zen assistant

Zen Assistant: Case Study – Quitting Your Job (Part 6 of 5)

Before I left my last job, I got the following email:

quit job email

What’s fascinating, is as more people read this blog (significantly more than the 6 people per week who found it via Google during the first year), more of real life bleeds into my writing, and vice versa.

As I navigate my career, I have this platform to share what I’m learning.

Then, as I write and research and learn, it informs decisions in my career.

Which is a looooong way of saying: I’m still learning.

That email above, (hat tip to Brian Price) reminds me this is all a process. Everything I share, I’ve tried, they work, and they’re strategies that will work for others, too.

However, I still will take plenty of missteps — in my career, in relationships, in personal finance…

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The Hollywood Assistant’s Ultimate Resource on Getting Health Insurance

I love my friends. Really, I do.

But sometimes they do things that make me want to Anderson-Silva my own shin in half. Like post dumb things such as:

Obama Care Rant

Another ObamaCare rant? Stop.

In case you missed it, this is what I mean by “Anderson-Silva”


I understand the frustration. Especially if you work in Hollywood:

Assistants work for producers, who insist it’s a great learning experience, but they just can’t afford buying them health insurance.

Actors / waiters wait tables or tend bar between gigs, for an employer who doesn’t offer health insurance.

The recently unemployed, out of a “secure job” and scouring LinkedIn, who think their only choice for health insurance is COBRA at $460 per month. Which seems like an awful lot for something you probably won’t use. Especially when you have no income.

I sympathize.

However, I live in the real world.

The real world doesn’t care about your rants against “the man” or how much you despise “the system.”

In the real world, nationwide health care is happening. It’s an (admittedly) imperfect system. But it’s a system implemented so that no matter your income level, if you get T-boned by some asshole in a Prius trying to beat the red on La Brea, your medical bills won’t bankrupt you…

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Zen Assistant – How to Quit Your Job (Part 5 of 5) – The Importance of Side Projects

Not everyone in LA has a job.

Instead, what we have are “projects.”

Cynics would say this is pie-in-the-VANILLA SKY, Candyland bullshit. A delaying tactic to avoid joining the “real world.”

And sometimes… they’d be right.

We All Know Those People

The actor waiting tables who hasn’t attended an acting class or booked an audition in years.

The writer serving skinny mocha’s, who spends more time critiquing movies than punching keys.

Bill Lawrence (EP of COUGAR TOWN, SCRUBS) had a part-time job landscaping when he first moved to LA. He’d meet other guys on the job who said they were writers, too. “I told them, I’d love to read your stuff…”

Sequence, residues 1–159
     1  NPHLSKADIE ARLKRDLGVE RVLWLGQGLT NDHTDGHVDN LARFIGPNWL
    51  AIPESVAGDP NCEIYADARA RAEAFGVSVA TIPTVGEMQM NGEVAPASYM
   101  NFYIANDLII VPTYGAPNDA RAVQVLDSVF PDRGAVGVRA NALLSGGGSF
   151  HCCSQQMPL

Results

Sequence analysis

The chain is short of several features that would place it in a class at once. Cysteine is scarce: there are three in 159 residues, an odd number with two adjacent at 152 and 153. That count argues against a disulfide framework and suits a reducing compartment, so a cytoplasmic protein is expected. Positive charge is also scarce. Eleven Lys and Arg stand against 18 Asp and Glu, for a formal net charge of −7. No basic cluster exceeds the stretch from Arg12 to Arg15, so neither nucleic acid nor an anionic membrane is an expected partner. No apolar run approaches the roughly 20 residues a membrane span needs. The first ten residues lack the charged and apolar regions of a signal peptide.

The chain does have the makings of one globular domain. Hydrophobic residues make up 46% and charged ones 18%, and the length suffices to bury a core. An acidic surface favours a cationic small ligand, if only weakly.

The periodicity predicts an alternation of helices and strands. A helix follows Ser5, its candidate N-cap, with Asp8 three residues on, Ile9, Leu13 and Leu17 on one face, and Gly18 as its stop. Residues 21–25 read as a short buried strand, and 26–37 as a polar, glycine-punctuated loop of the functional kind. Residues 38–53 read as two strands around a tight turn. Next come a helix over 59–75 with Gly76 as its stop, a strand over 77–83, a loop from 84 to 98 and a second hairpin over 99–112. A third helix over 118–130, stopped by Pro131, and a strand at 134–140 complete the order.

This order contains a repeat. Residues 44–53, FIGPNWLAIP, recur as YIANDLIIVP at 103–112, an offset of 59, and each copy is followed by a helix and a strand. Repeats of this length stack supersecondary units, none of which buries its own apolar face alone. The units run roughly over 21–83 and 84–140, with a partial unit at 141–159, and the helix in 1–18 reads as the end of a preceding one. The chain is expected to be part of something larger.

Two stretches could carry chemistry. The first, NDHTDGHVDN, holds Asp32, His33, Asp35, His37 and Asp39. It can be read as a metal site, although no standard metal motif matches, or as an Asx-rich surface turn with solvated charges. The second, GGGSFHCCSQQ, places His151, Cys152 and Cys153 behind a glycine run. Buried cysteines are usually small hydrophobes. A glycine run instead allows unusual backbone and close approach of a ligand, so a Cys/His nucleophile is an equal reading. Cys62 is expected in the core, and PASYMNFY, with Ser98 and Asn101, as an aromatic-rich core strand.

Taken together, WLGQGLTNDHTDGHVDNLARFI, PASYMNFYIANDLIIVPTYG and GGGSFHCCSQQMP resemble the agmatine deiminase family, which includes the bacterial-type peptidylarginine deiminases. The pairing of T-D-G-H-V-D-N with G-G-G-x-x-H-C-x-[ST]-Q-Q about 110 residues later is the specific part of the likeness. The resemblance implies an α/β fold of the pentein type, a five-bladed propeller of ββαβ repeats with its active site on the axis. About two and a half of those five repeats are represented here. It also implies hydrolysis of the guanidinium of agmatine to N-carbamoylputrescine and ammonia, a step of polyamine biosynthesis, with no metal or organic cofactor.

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Zen Assistant: How To Quit Your Job (Part 4 of 5) – Networking

In this Zen Assistant series we’ve been talking about how to quit your job.

We covered the reasons to quit, whether or not you need your next gig lined up, and creating an exit strategy.

In this post, I’ll cover how networking plays into quitting.

Using Your Weak Ties

A huge component of your exit strategy is tapping into your network, what Meg Jay calls your “weak ties:”

Best friends are great for giving rides to the airport, but twenty-somethings who huddle together with like-minded peers limit who they know, what they know, how they think, how they speak, and where they work. That new piece of capital, that new person to date almost always comes from outside the inner circle. New things come from what are called our weak ties, our friends of friends of friends.So yes, half of twenty-somethings are un- or under-employed. But half aren’t, and weak tiesare how you get yourself into that group. Half of new jobs are never posted, so reaching out to your neighbor’s boss is how you get that un-posted job. It’s not cheating. It’s the science of how information spreads.

If the reason you’re thinking of creating a network now is because you need help finding a job — then you’re already too late…

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Zen Assistant: How To Quit Your Job (Part 3 of 5) – Exit Strategy

You have one, don’t you?

An exit strategy, I mean.

When it’s time to leave your company, whether it’s a studio, a prod co, or an agency, do it with a plan. It doesn’t have to Danny Ocean-like in its complexity, but it should cover the bases (which I’ll cover, below).

Why Do You Need an Exit Strategy?

“But I already have my next job lined up. Beyond that, what plan do I need?”

An exit strategy goes beyond whether or not you have a job lined up the moment you burst through the doors, belting Broadway tunes like Hugh Jackman at the Oscars. (In fact, if you have a cache of cash, securing your next gig isn’t even the most important detail to nail down.)

The most important element is this: if at all possible, you should…

Leave the Company Better than When You Started

Ever been in the Boy / Girl Scouts?

Me neither. But apparently, they have a certain philosophy post-camping, post-Kumbayah-ing: leave the camp ground cleaner than how you found it. 

Whenever possible, treat your job the same way…

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